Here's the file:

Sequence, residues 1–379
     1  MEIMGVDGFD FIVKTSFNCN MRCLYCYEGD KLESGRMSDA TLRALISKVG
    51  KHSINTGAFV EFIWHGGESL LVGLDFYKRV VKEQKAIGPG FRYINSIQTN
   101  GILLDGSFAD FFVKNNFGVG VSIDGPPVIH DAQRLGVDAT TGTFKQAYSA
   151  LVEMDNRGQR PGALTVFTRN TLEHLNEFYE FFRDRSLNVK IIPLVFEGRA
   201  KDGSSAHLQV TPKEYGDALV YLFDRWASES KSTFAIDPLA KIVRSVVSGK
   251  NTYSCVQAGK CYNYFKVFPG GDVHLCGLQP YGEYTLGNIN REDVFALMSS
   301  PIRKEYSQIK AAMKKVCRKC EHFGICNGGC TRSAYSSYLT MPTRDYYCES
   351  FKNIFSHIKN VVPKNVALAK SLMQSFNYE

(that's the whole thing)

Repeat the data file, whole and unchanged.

Sequence, residues 1–379
     1  MEIMGVDGFD FIVKTSFNCN MRCLYCYEGD KLESGRMSDA TLRALISKVG
    51  KHSINTGAFV EFIWHGGESL LVGLDFYKRV VKEQKAIGPG FRYINSIQTN
   101  GILLDGSFAD FFVKNNFGVG VSIDGPPVIH DAQRLGVDAT TGTFKQAYSA
   151  LVEMDNRGQR PGALTVFTRN TLEHLNEFYE FFRDRSLNVK IIPLVFEGRA
   201  KDGSSAHLQV TPKEYGDALV YLFDRWASES KSTFAIDPLA KIVRSVVSGK
   251  NTYSCVQAGK CYNYFKVFPG GDVHLCGLQP YGEYTLGNIN REDVFALMSS
   301  PIRKEYSQIK AAMKKVCRKC EHFGICNGGC TRSAYSSYLT MPTRDYYCES
   351  FKNIFSHIKN VVPKNVALAK SLMQSFNYE